International concern persists about the link between illicit international trade in rough diamonds and armed conflict. While conflict diamonds constitute only a very small percentage of the international diamond trade, they have had a devastating impact on peace, security and sustainable development in affected countries.
With leadership from Canada, the United Nations (UN) has undertaken several initiatives to address this issue. In 1998, the UN Security Council imposed sanctions prohibiting the import of rough diamonds from Angola that were not controlled through an official Certificate of Origin scheme. During its term on the Security Council (1999–2000), Canada played a key role, as chair of the Angola Sanctions Committee, in pressing for measures to strengthen the implementation of these sanctions. These measures laid the foundation for the adoption of sanctions on other countries.
International attention to conflict diamonds has been sustained. At the July 2000 G8 Summit in Okinawa, Prime Minister Jean Chrétien and other G8 leaders, identified the trade in conflict diamonds as a key concern in the context of the G8's work on conflict prevention. The G8 called for an international agreement on the certification of rough diamonds. In January 2001, the UN General Assembly adopted resolution 55/56 [PDF, 107 KB], calling for the development of an international certification scheme for rough diamonds to prevent conflict diamonds from entering legitimate markets. As part of the G8 Africa Action Plan presented at the June 2002 Kananaskis Summit, G8 leaders pledged to support the Kimberly Process and the control measures it would develop.
The Kimberley Process and the Kimberly Process Certification Scheme
The Kimberley Process (KP) is the principal international initiative established to develop practical approaches to stemming the global flow of conflict diamonds. Launched in May 2000, the KP was initiated by several southern African countries to respond to growing international pressure to address peace and security concerns and to protect the many national economies in the sub-region (e.g., Namibia, Botswana, South Africa) that depend on the diamond industry. The KP, which was first chaired by South Africa, now includes 50 participants involved in producing, processing, importing and exporting rough diamonds.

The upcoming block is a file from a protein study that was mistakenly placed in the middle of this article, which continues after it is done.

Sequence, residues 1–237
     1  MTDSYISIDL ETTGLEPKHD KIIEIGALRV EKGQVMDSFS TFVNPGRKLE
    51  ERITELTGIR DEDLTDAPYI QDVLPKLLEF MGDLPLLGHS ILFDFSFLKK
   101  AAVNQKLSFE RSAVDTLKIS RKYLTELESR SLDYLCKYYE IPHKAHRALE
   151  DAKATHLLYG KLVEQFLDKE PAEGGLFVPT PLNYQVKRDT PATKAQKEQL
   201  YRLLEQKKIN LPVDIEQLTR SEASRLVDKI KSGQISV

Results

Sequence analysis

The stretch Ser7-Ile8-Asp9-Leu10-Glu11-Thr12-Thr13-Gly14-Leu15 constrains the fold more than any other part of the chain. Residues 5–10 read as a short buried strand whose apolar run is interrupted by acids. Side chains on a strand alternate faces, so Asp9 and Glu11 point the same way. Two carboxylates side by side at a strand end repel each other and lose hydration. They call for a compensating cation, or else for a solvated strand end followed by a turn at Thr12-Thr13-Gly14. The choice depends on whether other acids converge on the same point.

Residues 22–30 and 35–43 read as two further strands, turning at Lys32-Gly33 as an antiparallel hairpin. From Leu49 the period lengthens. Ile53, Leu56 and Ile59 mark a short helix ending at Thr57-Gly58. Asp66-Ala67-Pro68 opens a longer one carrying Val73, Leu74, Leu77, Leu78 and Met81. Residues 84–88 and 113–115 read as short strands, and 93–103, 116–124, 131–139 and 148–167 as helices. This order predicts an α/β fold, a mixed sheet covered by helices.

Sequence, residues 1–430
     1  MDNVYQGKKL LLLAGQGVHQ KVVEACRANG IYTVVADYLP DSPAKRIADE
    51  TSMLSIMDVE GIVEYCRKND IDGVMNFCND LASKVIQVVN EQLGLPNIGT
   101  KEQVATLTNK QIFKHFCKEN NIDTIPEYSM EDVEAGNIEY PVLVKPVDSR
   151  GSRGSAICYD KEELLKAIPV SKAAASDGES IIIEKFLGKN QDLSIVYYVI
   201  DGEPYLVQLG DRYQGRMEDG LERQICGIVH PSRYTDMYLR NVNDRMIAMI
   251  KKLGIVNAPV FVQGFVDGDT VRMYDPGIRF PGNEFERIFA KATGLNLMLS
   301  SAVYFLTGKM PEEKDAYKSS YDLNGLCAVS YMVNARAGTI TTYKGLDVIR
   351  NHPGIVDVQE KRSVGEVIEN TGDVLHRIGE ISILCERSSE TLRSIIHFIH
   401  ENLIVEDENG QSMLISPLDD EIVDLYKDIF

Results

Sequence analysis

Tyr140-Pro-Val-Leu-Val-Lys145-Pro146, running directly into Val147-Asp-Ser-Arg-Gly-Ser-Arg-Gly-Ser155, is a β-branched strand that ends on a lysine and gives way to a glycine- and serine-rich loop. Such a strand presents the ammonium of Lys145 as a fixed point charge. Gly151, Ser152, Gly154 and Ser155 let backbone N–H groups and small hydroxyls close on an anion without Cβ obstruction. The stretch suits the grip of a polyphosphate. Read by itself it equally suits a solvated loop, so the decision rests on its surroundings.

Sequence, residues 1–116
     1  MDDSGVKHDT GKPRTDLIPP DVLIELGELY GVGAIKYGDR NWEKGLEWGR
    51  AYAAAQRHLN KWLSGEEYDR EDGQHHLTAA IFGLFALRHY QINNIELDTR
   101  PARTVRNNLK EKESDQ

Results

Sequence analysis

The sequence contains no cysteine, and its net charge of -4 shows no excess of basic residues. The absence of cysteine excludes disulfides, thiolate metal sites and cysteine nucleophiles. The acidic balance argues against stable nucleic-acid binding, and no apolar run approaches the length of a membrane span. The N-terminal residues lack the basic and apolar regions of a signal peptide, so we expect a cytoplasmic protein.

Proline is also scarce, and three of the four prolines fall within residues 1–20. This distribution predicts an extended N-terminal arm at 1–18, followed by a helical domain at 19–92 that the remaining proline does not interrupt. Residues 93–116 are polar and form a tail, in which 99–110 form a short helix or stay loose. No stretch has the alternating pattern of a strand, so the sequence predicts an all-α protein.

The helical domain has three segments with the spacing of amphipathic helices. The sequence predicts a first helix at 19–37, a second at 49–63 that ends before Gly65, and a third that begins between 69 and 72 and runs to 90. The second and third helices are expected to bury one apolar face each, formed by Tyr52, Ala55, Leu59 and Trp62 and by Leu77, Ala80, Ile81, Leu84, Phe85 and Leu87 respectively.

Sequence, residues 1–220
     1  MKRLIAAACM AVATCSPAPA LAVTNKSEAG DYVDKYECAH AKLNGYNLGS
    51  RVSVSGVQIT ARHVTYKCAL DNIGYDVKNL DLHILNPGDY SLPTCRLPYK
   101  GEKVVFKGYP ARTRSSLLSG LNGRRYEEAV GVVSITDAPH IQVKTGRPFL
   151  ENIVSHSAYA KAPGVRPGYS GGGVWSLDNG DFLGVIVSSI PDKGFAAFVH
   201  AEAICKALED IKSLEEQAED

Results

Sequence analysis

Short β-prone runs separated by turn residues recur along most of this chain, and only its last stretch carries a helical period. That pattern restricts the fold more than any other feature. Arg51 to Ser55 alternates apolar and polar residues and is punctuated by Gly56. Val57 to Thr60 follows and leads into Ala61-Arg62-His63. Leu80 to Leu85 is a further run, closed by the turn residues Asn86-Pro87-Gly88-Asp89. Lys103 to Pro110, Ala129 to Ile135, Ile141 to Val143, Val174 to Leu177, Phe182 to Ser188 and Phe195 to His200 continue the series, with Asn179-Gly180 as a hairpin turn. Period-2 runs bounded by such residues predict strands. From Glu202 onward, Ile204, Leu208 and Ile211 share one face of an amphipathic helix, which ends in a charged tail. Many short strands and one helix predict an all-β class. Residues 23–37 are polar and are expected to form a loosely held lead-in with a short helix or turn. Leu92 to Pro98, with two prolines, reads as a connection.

Canada has participated in the KP since its inception. In March 2002, Canada hosted a meeting of the KP, during which the participants reached a consensus regarding a proposed international certification scheme for rough diamonds. At the subsequent ministerial meeting held in Switzerland on November 5, 2002, ministers committed to the international implementation of the Kimberly Process Certification Scheme (KPCS) starting on January 1, 2003.
The KPCS includes several key commitments, including a requirement that all imported and exported rough diamonds be certified under the Scheme. It also contains trade prohibitions banning the trade in rough diamonds with countries that do not participate in the Scheme.
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